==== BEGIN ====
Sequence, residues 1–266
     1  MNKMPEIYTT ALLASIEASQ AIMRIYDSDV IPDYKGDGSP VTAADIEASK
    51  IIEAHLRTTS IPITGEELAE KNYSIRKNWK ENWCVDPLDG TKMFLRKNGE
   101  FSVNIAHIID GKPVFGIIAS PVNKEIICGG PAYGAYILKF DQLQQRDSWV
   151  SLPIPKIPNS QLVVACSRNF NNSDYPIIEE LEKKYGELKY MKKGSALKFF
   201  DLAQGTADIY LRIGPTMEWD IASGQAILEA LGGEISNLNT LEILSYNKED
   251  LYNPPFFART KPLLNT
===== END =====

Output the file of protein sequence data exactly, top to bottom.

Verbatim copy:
Sequence, residues 1–266
     1  MNKMPEIYTT ALLASIEASQ AIMRIYDSDV IPDYKGDGSP VTAADIEASK
    51  IIEAHLRTTS IPITGEELAE KNYSIRKNWK ENWCVDPLDG TKMFLRKNGE
   101  FSVNIAHIID GKPVFGIIAS PVNKEIICGG PAYGAYILKF DQLQQRDSWV
   151  SLPIPKIPNS QLVVACSRNF NNSDYPIIEE LEKKYGELKY MKKGSALKFF
   201  DLAQGTADIY LRIGPTMEWD IASGQAILEA LGGEISNLNT LEILSYNKED
   251  LYNPPFFART KPLLNT